Functional Programming in JavaScript and React (Part Two)


State integrity is the most important thing in every app.

  1. An app can be viewed as an Object, at a moment in time when observed
  2. An app probably requires state
  3. An app can respond to any event we specify
  4. An app can initiate or facilitate any action

Reactive Programming

It’s a matter of describing ancestors first so that children make sense. We need the context awareness.

Function as an Object (FaaO)

const executable = () => {
executable.hello = 'world'
return executable
// => { [Function] hello: 'world' }
// => { [Function] hello: 'world' }
const function = () => {}const object = {}const array = []


Sole Responsibility

Top 3 Symbols

  1. State
  2. Actions
  3. Events


  • memory
  • knowledge of current moment

I would go as far as to say that state is the single most important aspect of every app.

  1. Immutability
  2. One-way flow

Scary Stuff

Fig ?.? — Arrive alive


If you want to perform an action, you probably want to execute a function.


const birthdayParty = {
startTime: 5,
endTime: undefined,
const birthdayParty = {
startTime: 5,
endTime: undefined,
location: { ...address },
const driveToLocation = async (location) => {
return handleDriveCar(location)
.then(badExperience => forEveryone(badExperience))
birthdayParty.location = { ...differentAddress }
  1. Shared mutable state existed
  2. Asynchronous behavior existed
  3. A mutation action occurred in parallel with another action
  1. Event emitters and observers
  2. Semaphores
  3. Callbacks (continuation-passing style)
  1. State
  2. State changes
Dinosaurs beginning to respond poorly to change

Radical Quote: An app’s response to change is the most important factor towards maintaining state integrity.

  • Traveling one way is good
  • Traveling downhill at the most efficient pace without pooping our pants is good


Do you know what else can flow through channels?


  • Security concerns
  • Data loss
  • Bugs

Where & When

Formal Change Process

Network Calls


Pass-by-Reference & Garbage Collection


Fig ?.? — Live reference

Garbage Collection

Functional Programming

  • before actions or events
  • during actions or events
  • after actions or events

3 Phases of a Function

  1. Detection and Collection Phase
  2. Packaging Phase
  3. Delivering Phase
  • Power: Ability to complete a large body of work quickly
  • Torque: Ability to quickly start or stop work
  • Short term memory: Knowledge of context and working parameters
  • Long term memory: May be used alongside work or memory

Continuation-Passing Style (CPS)


  • Pure functions
  • Side effects
  • Referential transparency
  • Immutability

Pure Functions

Side Effects


A series of inter-dependent functions is a chain of functions.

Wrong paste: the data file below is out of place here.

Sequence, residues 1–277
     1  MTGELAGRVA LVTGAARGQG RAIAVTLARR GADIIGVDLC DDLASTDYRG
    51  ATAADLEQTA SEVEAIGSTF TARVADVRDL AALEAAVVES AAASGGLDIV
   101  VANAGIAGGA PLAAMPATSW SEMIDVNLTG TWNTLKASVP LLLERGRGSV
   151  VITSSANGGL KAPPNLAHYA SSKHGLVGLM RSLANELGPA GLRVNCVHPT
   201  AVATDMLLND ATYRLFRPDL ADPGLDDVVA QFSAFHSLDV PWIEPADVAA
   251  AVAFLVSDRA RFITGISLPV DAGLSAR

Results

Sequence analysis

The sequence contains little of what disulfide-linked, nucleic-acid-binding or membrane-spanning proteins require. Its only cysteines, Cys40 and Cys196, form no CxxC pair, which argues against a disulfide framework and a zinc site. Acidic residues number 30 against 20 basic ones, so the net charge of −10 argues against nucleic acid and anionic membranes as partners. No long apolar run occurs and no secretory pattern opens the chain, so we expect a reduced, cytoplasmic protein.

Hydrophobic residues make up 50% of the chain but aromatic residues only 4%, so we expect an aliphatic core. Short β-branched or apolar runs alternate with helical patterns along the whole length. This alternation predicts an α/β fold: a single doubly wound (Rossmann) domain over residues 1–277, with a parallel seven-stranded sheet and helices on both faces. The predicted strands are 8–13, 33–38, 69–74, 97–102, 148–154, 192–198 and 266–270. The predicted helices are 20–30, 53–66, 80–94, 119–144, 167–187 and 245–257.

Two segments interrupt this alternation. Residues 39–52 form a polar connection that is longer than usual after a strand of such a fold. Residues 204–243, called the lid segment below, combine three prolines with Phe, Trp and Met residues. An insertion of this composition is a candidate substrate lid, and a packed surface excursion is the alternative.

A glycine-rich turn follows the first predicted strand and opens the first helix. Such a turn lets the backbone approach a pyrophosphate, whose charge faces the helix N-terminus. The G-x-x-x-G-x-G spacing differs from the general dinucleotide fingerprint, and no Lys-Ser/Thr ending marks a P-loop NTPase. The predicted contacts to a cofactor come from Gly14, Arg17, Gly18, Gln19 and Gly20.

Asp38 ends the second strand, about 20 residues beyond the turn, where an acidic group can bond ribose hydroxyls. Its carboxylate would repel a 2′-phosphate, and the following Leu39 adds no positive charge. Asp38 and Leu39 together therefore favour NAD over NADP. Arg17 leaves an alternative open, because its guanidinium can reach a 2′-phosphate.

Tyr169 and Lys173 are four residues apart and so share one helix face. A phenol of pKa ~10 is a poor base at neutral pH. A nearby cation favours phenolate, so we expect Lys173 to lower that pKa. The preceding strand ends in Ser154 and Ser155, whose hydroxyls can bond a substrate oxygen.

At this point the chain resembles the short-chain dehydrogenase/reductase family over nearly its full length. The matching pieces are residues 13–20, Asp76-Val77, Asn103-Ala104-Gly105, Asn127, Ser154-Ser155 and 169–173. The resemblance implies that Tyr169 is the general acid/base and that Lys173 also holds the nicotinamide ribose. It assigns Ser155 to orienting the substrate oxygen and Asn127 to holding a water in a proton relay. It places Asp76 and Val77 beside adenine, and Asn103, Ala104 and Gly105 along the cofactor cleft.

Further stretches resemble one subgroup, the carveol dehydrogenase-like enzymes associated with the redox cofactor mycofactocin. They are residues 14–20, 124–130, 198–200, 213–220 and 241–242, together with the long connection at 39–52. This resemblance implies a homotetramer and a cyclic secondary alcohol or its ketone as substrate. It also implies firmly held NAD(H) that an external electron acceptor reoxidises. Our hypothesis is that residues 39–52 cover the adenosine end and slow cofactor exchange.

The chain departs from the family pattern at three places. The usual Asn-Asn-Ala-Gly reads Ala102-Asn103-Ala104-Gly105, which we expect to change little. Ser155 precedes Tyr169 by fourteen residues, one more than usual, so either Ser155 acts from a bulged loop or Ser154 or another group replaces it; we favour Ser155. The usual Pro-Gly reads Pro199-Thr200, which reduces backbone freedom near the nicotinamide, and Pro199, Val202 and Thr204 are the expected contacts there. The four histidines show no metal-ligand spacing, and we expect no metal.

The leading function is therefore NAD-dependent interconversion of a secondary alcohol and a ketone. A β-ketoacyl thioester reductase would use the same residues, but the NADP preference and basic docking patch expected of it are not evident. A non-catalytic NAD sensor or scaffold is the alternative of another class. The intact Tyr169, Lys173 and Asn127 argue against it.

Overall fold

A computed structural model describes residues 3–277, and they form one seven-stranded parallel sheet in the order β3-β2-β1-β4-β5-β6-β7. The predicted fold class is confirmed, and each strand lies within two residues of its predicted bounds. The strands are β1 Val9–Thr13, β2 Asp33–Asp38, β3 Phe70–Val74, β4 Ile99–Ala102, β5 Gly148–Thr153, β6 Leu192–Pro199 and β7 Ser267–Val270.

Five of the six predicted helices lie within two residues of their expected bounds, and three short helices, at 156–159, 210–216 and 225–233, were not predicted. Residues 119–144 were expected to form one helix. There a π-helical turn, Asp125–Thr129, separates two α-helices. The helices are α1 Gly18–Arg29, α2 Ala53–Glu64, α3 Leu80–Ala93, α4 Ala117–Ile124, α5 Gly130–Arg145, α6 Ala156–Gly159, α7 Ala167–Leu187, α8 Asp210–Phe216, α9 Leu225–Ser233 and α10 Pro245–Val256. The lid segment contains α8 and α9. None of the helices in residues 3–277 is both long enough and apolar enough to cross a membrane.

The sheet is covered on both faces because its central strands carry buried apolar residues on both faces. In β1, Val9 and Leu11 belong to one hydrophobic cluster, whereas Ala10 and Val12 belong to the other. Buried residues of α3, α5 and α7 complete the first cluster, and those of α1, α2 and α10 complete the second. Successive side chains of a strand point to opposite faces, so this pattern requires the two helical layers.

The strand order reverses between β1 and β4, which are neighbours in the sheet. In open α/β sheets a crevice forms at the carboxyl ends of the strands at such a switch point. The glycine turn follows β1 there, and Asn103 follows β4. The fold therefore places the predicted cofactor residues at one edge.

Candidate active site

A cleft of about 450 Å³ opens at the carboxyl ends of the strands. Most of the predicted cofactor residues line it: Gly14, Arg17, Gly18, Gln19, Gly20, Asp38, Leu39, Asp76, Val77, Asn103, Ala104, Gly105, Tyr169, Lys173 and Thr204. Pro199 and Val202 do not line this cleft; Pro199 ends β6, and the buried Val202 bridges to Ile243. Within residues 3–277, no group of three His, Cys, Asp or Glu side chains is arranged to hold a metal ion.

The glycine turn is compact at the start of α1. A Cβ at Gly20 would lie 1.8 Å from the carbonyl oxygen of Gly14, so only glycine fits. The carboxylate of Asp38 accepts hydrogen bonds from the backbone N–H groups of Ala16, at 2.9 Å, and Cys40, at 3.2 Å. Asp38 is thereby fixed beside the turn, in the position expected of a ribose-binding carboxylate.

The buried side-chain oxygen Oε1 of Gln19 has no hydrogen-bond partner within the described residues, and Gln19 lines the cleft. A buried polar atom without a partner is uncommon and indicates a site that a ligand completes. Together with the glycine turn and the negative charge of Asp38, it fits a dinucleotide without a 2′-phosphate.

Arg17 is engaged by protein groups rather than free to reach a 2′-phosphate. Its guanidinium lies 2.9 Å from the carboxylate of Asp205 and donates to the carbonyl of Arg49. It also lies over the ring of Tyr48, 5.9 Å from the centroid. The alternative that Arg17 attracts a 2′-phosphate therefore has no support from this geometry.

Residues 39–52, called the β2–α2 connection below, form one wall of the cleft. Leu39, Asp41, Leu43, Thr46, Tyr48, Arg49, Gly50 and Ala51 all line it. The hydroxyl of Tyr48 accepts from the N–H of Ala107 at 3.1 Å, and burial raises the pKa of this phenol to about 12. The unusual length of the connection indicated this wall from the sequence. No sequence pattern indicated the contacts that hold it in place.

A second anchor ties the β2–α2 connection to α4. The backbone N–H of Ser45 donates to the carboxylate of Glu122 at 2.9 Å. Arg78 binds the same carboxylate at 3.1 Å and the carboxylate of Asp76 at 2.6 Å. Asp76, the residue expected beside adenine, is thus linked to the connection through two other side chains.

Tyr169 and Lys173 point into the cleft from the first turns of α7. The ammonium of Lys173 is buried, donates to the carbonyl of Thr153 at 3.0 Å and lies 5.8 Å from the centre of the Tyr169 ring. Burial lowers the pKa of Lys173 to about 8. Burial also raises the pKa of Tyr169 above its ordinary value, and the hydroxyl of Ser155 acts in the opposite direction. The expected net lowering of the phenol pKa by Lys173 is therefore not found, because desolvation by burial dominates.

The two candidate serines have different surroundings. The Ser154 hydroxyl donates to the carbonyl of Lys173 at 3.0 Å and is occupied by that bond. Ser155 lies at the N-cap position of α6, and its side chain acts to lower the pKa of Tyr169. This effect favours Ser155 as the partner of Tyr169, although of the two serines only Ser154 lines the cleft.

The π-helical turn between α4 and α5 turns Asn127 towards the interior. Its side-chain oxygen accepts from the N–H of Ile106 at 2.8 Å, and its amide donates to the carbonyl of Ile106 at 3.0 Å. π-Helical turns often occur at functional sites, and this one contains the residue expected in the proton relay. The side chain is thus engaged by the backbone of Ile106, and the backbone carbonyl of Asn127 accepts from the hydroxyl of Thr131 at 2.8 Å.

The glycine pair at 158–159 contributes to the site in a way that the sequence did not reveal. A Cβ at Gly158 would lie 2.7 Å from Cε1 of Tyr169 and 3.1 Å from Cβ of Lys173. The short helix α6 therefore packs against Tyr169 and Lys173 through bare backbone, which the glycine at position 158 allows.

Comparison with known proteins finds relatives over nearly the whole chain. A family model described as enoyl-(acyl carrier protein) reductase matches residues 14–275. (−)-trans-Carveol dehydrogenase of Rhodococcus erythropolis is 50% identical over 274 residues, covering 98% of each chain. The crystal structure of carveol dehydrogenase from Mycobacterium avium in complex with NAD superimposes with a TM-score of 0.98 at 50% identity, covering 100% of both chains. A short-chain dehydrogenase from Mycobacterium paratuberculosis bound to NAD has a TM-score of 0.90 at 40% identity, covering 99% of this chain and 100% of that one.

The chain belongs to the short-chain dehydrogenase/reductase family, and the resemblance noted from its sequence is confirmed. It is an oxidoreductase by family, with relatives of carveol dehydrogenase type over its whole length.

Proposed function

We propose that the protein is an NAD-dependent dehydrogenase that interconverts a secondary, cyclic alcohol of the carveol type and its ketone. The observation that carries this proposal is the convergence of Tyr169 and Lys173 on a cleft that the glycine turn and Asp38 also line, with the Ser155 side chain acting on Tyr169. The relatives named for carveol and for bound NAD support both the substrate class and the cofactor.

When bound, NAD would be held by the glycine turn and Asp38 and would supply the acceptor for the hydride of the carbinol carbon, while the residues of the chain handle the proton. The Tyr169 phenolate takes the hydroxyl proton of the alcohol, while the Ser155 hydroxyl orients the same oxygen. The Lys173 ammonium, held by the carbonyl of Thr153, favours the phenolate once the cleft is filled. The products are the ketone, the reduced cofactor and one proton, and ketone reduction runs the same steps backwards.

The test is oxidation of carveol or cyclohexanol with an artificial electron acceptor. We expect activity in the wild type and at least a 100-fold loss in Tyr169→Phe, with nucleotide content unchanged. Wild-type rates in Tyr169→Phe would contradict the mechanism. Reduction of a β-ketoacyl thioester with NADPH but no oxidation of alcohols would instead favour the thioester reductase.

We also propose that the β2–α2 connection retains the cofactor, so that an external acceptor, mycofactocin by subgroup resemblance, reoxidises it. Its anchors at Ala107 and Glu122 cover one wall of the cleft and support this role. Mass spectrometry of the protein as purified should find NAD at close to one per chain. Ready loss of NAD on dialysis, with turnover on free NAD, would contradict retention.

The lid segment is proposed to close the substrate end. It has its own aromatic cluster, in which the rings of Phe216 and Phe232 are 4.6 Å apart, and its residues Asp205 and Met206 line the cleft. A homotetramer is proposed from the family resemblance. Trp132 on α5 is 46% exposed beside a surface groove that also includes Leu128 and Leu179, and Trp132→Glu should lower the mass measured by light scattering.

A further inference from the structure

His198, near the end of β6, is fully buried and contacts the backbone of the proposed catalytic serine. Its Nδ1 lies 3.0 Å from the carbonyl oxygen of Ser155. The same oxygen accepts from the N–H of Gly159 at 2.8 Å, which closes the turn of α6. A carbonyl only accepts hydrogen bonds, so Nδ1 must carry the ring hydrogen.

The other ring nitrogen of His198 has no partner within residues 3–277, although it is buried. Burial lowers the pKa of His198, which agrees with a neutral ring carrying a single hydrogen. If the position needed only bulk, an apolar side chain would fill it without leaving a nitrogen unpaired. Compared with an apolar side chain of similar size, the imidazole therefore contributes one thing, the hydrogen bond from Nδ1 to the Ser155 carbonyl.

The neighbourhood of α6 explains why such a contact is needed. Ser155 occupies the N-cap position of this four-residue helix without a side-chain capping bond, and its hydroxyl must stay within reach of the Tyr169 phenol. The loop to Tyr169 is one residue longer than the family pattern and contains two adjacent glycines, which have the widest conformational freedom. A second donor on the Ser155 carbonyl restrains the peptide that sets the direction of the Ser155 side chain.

• f of x
  • g of x
  • f composed with g of x
Fig 5.1 — Function Composition
  1. execute g(x)
  2. then, take the result of that
  3. then, pass that into f()

When writing functionally, you:

  1. declare how your program should respond to various inputs (ie: define what actions the functions do),
  2. declare configuration settings that define what those inputs are (ie: define state at moments in time),
  3. declare when to trigger these functions (ie: define the events your program reacts to).
const person = {
firstName: 'Suzy',
lastName: 'Kawasaki',
const config = {
host: '',
port: 1337,
user: person,
const connectToDB = (config) => {
const connection = getDriver(, config.port)
return connection

Functional + Reactive = Modular Components

The 3 tenants of modular components:

  • self-contained
  • accepts a Config Object
  • external Side Effects are officially managed
  1. single source of truth store/repository for standalone components
  2. pull packages into any project via NPM or equivalent

Self Contained

Config Objects

const config = {
one: 'value',
two: { complexData },
three: () => functions()
const Component = (config) => {
if (!config) throw new Error('Because reasons.')
// config can be used as desired
const { one, two, three } = config
return {

External Side Effects

const Component = (config) => {
const { onEvent, text, css } = config
return (
<button onClick={onEvent} style={css}>


import { render } from 'react-dom'

Recommended Next Steps





I prefer to work near ES6+, node.js, microservices, Neo4j, React, React Native; I compose functions and avoid classes unless private state is desired.

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Adam Mackintosh

Adam Mackintosh

I prefer to work near ES6+, node.js, microservices, Neo4j, React, React Native; I compose functions and avoid classes unless private state is desired.

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